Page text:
National Party News

National Party News

Coming soon: The government shutdown sequel?

Democrats and their supporters are warning that should the GOP take control of Congress, watch for Government Shutdown II. The warning also includes a helpful hint to Republicans that a shutdown will damage their party and its leaders, as the last one, in November 1995, damaged then-Republican Speaker Newt Gingrich (Ga.).

MSNBC’s Chris Matthews has been on a tear on this subject. On “Hardball” last week, Matthews warned, “[M]ake no mistake, if this new band of Republicans grabs control of Congress, they’ll force another government shutdown.” Later in the show he played a clip of Republican Rep. Lynn Westmoreland of Georgia, drawling, “If the government shuts down, we want you with us.”


The Tea Party’s false steps

The Tea Party movement is marginalizing itself with its actions in Delaware.

The movement has been enormously influential and effective because it has been clearly defined by fiscal and small-government issues that cut a wide swath through the electorate. In Delaware, the Tea Party is making a significant departure from the very set of core issues that has drawn in a broad spectrum of voters and new voters, and instead seems to be defining itself by issues such as abortion and gun rights.


GOP’s Civil War 2010 — a prelude to 2012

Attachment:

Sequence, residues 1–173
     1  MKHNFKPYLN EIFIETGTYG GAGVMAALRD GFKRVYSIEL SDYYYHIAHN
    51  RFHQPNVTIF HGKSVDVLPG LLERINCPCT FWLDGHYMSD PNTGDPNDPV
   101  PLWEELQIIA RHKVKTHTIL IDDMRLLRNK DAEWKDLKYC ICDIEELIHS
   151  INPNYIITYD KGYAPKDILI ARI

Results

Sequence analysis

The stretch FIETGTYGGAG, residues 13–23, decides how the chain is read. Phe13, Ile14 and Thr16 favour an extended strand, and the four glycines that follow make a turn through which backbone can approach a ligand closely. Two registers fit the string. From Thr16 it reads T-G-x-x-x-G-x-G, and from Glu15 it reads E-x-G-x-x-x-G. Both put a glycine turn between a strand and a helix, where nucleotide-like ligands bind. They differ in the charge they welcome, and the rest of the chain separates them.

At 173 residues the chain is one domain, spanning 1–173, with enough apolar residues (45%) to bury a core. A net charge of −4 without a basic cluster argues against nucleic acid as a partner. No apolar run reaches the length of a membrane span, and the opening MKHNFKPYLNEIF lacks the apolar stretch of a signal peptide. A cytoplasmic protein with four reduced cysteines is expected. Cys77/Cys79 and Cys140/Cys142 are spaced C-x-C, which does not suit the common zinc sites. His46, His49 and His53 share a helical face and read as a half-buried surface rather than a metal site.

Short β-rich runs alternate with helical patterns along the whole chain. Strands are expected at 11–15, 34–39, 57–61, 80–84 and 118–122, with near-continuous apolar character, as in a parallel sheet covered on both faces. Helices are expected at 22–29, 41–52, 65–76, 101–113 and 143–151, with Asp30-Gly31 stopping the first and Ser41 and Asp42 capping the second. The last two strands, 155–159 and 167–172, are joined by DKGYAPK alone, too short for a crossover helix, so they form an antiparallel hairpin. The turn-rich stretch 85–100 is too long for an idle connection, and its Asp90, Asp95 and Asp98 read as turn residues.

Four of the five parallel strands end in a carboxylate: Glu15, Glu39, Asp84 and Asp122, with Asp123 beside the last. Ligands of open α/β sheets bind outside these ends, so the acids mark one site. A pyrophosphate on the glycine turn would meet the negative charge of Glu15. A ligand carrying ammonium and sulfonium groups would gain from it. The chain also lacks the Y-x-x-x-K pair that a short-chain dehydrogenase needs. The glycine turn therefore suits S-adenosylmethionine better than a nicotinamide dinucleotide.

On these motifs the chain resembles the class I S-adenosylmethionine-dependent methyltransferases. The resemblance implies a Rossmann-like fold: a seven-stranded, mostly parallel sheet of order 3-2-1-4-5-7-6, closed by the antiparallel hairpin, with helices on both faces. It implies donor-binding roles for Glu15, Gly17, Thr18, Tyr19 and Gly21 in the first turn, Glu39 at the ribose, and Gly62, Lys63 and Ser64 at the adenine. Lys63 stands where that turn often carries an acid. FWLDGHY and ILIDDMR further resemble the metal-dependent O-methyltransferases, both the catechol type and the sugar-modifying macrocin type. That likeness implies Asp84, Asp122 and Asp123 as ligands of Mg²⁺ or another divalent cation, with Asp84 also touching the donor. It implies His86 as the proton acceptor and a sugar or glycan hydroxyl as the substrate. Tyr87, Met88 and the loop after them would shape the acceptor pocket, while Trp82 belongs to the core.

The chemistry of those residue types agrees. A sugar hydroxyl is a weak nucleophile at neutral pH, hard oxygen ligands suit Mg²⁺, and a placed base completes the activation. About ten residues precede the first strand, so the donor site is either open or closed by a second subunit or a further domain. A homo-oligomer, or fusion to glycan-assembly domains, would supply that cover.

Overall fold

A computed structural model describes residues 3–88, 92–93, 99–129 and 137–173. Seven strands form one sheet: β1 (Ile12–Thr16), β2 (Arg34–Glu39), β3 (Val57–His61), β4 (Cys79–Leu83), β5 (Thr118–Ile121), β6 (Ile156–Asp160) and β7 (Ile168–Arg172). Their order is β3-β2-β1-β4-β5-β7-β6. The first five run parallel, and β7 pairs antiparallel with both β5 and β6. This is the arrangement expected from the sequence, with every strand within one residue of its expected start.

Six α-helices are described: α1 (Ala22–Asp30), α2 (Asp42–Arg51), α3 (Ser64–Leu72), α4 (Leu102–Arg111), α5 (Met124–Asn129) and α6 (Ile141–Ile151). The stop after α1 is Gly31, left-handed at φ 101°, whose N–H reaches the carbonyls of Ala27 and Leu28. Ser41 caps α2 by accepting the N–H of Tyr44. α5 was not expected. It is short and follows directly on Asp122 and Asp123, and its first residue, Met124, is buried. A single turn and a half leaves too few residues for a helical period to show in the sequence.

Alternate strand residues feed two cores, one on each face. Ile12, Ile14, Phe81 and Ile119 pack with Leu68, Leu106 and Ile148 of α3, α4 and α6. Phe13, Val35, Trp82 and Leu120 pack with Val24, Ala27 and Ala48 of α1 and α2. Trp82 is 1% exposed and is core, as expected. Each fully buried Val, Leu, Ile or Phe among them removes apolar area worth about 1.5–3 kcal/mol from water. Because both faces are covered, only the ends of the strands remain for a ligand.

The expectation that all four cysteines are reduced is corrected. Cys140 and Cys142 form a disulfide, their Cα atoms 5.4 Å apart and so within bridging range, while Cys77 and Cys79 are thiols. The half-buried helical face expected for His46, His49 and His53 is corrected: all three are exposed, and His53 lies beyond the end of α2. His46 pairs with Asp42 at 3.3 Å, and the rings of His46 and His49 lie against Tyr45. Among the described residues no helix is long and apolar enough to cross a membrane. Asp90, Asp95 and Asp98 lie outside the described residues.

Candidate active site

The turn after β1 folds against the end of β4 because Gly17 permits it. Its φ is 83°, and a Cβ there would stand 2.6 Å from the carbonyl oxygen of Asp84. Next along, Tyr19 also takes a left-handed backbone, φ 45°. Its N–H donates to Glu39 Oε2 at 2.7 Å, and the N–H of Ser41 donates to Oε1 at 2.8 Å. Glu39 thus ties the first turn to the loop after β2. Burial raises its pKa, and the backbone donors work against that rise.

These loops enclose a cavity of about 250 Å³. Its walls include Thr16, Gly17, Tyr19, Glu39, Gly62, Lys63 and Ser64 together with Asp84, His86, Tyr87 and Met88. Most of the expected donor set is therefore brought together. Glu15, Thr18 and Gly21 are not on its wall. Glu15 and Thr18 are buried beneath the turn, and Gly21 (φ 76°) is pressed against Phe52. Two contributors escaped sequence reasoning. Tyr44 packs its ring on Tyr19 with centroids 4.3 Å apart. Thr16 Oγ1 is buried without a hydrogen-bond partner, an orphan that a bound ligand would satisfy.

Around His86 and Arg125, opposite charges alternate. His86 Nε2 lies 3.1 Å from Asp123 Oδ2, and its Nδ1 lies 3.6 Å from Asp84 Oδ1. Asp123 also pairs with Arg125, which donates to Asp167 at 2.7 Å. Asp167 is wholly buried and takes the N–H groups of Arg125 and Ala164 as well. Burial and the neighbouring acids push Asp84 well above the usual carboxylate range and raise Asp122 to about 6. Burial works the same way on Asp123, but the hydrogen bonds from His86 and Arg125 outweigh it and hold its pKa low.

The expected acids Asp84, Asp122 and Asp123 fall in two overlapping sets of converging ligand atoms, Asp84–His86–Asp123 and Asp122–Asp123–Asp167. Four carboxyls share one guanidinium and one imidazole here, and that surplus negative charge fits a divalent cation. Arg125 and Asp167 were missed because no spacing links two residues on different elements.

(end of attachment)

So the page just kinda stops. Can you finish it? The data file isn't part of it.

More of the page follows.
How bad can the civil war get? We may find out Tuesday in Delaware. Mike Castle should have walked to the GOP nomination — that is, until Sarah Palin and her merry Tea Party men decided to back Christine O’Donnell.

To put this into perspective, Castle was all but a lock to win: a moderate Republican who would have won if not for the fact that by Tea Party standards Castle is a Das Kapital-reading, want-to-take-your-guns-away-and-tax-you-to-the-nines liberal. It almost makes you laugh, as a Democrat, how the GOP is engaged in a never-ending, brutal civil war over ideological purity. From the Florida governor’s race to the Alaska Senate contest, from the Nevada Senate to the Utah Senate and from Colorado governor to now Delaware Senate, the Tea Party is on a warpath not against Democrats but Republicans. The question is, Where will it end? I have the answer. It won’t until 2012 (maybe).


The enthusiasm gap

August was disastrous for the Democrats — more bad economic news, President Obama effectively throwing politically vulnerable Democrats under the bus by inserting himself (clumsily) into the controversial debate over construction of a mosque near Ground Zero and polls showing that, indeed, the Democratic majority may be gone.

The new Gallup poll showing Republicans with a 10-point advantage, the largest lead ever registered for the GOP in the history of the poll, was a serious blow. It was especially shocking because the two parties had been neck-and-neck in the poll for months and Democrats had even led by six points in July.


A strategy for the Democrats for the final 60 days